Okay, so let me open up my trading platform and see what the Bid-Ask spread is. Currently, the Bid is $0.03 and the Ask is $0.04. Let’s just assume that the call option would be worth $0.02 because that’s what I’m trying to show you guys.
Buying Back Options
So the idea of this is to buy back Macy’s here for $0.02, because it is rallying higher. In this situation, we have two options: we can do nothing and let the options expire worthless and keep the premium, or we can buy back those options contracts.
When we are doing nothing, if the stock stays above the strike price of $17.00, we would collect an additional $142. How did I get to that number? So $0.02 for the premium multiplied by 100 shares for an option contract, multiplied by 71 contracts. If I’m not doing anything, I receive an additional $142.
Now, let’s talk about buying back the option. I was planning to make $266.25 per day.
If I buy back the option at $0.02 this would be about 90% of the maximum profits that could be made from this trade. As most of you know, this is what I am always aiming for. So let’s see how much I would get here:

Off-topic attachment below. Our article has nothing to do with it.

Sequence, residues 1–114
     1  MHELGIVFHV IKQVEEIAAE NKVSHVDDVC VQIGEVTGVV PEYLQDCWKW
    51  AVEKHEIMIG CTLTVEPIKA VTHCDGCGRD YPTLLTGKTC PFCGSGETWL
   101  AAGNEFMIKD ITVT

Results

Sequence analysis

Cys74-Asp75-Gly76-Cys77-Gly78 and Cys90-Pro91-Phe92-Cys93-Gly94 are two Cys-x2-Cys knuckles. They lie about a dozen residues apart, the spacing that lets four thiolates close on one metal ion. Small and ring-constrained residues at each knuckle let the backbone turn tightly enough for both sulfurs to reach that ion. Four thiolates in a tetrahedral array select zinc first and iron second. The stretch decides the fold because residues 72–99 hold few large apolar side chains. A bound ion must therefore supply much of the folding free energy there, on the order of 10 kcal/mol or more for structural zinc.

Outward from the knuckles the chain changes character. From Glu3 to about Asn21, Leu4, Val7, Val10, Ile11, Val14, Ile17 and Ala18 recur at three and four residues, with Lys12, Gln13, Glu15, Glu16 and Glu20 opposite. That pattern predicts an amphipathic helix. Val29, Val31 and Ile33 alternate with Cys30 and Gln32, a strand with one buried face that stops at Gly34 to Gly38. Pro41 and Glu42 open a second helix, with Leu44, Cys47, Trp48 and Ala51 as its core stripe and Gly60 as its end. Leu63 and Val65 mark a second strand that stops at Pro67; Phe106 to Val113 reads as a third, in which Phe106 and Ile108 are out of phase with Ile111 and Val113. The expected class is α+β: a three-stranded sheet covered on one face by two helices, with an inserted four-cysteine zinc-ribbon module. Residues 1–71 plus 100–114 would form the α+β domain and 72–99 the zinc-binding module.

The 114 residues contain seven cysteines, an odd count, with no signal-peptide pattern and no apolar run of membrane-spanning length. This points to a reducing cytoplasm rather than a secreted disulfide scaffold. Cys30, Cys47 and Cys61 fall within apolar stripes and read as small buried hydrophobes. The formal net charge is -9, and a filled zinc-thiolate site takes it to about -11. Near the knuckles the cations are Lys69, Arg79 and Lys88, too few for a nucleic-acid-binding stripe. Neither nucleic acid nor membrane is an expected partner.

Instead of $1,065, I would buy the option back. So I have the original $0.15 premium minus the $0.02, which means my new net premium is $0.13. Multiply this by 71 contracts and my new profit is $923.
So if I close this trade on that day, which is a Wednesday, I would make $923. This is great because I was planning to make $266 today and tomorrow. But who knows where Macy’s stock will go? If I can lock in $923 today, instead of $500 something tomorrow, then I’m way ahead of the game. This also has some advantages.